Progressive design: streamline and art deco for the eye of potential customers


Typical of Opel’s now 160-year history, the engineers and designers show even then what they mean by innovations that will become standard and available to all in the further course. Thus, they designed the body of the front-wheel drive lightning without frills and functionally. A basically streamlined design and the large smooth surfaces underline the modernity of the concept. The black contrasting mudguards are a reference to the existing Opel commercial vehicles and ensure a visually homogeneous appearance of the model range. The car gets its progressive character from the striking front with Art Deco trim elements. They emphasise the horizontal line without exception and give the commercial vehicle a modern and friendly face. A van with a sympathy factor – a completely unusual sight at the time. Incidentally, the Art Deco style was in vogue on all Opel cars at the end of the 1930s: on the Kadett and Olympia models as well as on the Super 6, Kapitän and Admiral.

Modern engine, proven technology: Opel engineers draw on a wealth of resources

The inner values of the Transporter are based on Opel’s many years of experience. The engineers from Rüsselsheim can draw on components from other models – such as the brand-new 1.5-litre four-cylinder engine of the Olympia or the axles of the proven Blitz one-tonner. Apart from the partition wall, load floor and part of the roof, the body is of advanced all-steel construction.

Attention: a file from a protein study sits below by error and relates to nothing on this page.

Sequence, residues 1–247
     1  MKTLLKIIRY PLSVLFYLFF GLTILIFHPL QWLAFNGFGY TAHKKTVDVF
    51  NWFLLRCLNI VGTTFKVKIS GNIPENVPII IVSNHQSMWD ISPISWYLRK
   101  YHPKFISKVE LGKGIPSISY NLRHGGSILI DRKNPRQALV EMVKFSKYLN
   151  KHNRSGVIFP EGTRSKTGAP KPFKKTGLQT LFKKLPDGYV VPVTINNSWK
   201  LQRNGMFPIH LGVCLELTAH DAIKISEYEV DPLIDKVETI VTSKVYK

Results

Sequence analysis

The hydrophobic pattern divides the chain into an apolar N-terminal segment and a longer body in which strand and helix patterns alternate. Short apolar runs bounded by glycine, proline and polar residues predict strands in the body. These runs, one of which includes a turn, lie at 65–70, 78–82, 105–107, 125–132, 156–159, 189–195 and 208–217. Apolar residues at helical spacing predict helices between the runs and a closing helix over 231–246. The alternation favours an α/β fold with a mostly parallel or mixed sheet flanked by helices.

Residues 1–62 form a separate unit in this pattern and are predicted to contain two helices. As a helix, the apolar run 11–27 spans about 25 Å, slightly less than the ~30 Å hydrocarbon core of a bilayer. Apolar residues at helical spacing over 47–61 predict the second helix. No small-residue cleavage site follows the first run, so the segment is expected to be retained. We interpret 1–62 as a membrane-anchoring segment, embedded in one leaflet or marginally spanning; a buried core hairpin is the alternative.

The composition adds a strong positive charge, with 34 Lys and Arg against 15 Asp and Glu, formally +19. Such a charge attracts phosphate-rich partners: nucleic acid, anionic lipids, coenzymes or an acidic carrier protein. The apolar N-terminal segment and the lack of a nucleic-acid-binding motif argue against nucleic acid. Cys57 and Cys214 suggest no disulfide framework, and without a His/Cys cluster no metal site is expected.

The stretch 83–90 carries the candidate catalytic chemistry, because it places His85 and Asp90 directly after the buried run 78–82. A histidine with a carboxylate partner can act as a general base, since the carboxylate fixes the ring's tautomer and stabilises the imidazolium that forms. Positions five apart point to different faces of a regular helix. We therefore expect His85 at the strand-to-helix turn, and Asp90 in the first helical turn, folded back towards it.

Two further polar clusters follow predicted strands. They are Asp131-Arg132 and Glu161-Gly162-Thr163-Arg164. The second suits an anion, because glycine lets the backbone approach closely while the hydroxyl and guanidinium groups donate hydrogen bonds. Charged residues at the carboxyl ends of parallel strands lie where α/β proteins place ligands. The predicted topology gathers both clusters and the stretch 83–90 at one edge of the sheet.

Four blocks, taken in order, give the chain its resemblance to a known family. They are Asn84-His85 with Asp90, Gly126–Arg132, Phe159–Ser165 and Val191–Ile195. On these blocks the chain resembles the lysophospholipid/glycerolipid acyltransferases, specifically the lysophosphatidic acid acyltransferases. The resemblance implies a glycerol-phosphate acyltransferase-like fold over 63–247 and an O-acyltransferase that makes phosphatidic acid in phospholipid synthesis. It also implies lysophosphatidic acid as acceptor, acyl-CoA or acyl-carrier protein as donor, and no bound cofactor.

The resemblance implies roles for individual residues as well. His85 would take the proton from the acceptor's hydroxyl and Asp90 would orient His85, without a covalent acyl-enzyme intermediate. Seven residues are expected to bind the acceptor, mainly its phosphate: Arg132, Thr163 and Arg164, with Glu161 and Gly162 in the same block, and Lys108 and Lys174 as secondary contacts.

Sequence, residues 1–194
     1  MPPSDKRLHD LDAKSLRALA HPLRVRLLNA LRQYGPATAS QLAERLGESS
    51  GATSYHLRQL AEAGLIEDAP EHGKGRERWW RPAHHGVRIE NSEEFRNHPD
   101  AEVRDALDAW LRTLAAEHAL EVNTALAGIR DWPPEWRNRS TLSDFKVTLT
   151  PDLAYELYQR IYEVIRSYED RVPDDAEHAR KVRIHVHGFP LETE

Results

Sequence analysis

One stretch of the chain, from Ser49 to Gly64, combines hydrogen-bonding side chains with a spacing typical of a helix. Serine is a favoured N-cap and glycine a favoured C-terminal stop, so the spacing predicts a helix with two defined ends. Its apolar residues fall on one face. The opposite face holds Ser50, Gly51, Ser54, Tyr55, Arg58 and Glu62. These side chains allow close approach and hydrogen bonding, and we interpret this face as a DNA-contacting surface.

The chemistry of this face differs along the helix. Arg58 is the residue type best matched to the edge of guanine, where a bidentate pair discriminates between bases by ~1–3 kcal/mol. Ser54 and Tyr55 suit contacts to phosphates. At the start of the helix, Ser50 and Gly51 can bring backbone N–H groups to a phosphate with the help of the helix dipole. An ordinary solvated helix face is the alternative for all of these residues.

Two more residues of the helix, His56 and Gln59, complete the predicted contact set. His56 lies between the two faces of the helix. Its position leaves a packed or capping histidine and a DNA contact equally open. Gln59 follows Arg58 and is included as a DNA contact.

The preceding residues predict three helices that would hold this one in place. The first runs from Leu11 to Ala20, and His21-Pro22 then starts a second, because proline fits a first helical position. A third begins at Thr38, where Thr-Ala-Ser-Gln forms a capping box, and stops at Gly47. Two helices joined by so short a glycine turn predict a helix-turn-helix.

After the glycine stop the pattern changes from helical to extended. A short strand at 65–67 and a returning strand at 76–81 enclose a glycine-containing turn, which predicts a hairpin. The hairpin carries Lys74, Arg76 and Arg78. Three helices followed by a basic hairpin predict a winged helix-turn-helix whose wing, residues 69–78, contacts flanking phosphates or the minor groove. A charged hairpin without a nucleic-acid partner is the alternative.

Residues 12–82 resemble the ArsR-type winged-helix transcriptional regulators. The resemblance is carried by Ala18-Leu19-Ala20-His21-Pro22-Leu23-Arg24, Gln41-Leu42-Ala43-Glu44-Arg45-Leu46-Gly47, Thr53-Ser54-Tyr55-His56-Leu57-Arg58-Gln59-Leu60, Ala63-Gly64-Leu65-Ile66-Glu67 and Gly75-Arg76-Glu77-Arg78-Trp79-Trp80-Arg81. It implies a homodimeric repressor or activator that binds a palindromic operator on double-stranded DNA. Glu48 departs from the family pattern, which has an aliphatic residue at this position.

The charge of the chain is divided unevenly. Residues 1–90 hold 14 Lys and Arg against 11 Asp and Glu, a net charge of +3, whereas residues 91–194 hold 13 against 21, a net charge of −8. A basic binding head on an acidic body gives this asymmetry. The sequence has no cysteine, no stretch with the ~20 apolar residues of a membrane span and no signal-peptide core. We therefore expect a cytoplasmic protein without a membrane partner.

Not much is known about the technical details of the Blitz 1.5-23 COE. However, after an intensive search in the Opel archives, the Opel Classic experts did find a document in which the vehicle is mentioned: an English-language information brochure for the 1937 model year. In addition to the chronology and some key data, it can be seen that, in addition to the one-tonne version shown in the pictures, there was also to be a 1.5-tonner with six-cylinder and twin tyres.


In addition, the photo find has now also made it possible to assign five profile drawings located in the Opel archive. In addition to the van, they also show platform trucks – and a 15-seater minibus variant of the Blitz 1.5-23 COE.

Too advanced too soon: it remains a prototype

The reasons why the advanced Blitz one-tonne delivery van did not go into series production were probably to be found in Germany’s preparations for war in the second half of the 1930s. Light commercial vehicles were classified as not important for the war effort, and Opel had to reckon with a forced discontinuation of the vehicle. The Blitz one-tonne with bonnet, which had been offered since 1933, was then also taken off the market in 1940 by order. Vehicle production resumed in the second half of the 1940s with the only slightly modified pre-war models Olympia, Kapitän and Blitz 1.5-tonner. And from the 1950s onwards, Opel then successfully concentrated on the development of passenger cars and initially set its corporate priorities here.

BRAND: Opel Automobile GmbH

virtualdesignmagazine Michael Hiller